The world keeps insisting that human lives are valued on a sliding scale. Not all people are created equal in the image of God.
Listen to the media. I recently read "Off the Charts: Accuracy in Reporting on Israel/Palestine: The New York Times" by If Americans Knew. (They also produced a report on TV media coverage, but I haven't had the chance to read it yet.) The report focused on the New York Times' coverage of Israeli and Palestinian deaths during two years of the Second Intifada. A synopsis from the report:
In the first study period The Times reported Israeli deaths at a rate 2.8 times higher than Palestinian deaths, and in 2004 this rate increased by almost 30%, to 3.6, widening still further the disparity in coverage. The Times’ coverage of children’s deaths was even more skewed. In the first year of the current uprising, Israeli children’s deaths were reported at 6.8 times the rate of Palestinian children’s deaths. In 2004 this differential also increased, with deaths of Israeli children covered at a rate 7.3 times greater than the deaths of Palestinian children. Given that in 2004 22 times more Palestinian children were killed than Israeli children, this category holds particular importance.This report covered data from 2000 and 2004. Yet even now the media plays the numbers game. "Israel has the right to protect its civilians." Three Israeli civilians have been killed in this recent war on Gaza. How many Palestinian civilians has the Israeli military killed? (To date, the death toll in Gaza is 1,188 Palestinians -- approximately a third of whom are children.) Where is the international outcry?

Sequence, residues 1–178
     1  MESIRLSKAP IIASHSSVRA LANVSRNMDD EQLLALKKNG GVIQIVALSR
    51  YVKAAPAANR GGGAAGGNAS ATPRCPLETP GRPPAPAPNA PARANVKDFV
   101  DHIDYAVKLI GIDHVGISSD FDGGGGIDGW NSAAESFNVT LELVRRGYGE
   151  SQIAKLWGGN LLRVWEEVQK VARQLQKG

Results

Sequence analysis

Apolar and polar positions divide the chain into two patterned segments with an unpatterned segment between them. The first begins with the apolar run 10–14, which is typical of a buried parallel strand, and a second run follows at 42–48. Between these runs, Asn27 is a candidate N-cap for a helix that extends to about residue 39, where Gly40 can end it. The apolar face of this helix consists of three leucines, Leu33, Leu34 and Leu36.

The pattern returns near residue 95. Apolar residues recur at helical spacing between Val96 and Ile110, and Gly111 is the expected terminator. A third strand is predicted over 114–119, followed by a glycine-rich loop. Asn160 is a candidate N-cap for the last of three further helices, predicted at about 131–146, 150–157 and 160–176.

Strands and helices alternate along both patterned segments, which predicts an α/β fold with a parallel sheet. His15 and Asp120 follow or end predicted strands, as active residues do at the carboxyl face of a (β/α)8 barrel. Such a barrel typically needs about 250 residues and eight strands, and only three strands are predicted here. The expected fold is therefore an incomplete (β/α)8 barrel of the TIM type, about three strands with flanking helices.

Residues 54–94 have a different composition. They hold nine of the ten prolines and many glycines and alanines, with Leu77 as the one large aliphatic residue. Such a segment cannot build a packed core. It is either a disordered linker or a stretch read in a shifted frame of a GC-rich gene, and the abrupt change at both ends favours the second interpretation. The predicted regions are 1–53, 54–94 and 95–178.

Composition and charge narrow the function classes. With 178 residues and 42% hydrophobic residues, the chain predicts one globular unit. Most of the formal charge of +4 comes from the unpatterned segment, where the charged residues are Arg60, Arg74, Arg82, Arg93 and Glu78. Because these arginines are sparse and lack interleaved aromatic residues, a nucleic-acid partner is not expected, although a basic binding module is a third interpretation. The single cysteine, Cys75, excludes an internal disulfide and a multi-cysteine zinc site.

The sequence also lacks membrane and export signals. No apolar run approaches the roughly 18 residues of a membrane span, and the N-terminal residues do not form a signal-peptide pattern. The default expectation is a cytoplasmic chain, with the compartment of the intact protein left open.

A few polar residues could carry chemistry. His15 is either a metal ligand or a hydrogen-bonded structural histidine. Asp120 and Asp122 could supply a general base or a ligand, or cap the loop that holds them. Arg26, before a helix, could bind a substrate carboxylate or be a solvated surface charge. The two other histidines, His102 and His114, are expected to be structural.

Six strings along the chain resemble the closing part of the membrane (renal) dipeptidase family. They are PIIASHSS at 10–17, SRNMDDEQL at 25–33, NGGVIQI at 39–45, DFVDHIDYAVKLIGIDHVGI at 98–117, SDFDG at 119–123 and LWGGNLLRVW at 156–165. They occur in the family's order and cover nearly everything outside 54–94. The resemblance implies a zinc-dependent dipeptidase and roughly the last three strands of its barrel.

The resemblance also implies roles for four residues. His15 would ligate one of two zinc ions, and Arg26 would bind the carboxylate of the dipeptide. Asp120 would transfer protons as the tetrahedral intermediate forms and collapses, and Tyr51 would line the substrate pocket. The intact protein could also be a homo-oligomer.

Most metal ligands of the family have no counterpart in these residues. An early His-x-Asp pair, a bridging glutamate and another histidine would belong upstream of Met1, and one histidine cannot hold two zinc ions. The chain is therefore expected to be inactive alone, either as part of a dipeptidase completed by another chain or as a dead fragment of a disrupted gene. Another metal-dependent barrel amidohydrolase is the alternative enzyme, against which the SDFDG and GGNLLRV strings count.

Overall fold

Then I remember: To the world, the death of a Palestinian is not worth the same as the death of an Israeli. I watch, horrified, on the news as the Palestinian death toll climbs. And I keep wondering: when will the scale tip? At what Palestinian-to-Israeli death-toll ratio will the world say, "Enough! A life is a life. And every death is a crime against humanity."
When will we end this spiral into madness? When will we hold sacred every human life -- regardless of race, ethnicity, nationality, or religion -- and treasure it as our own?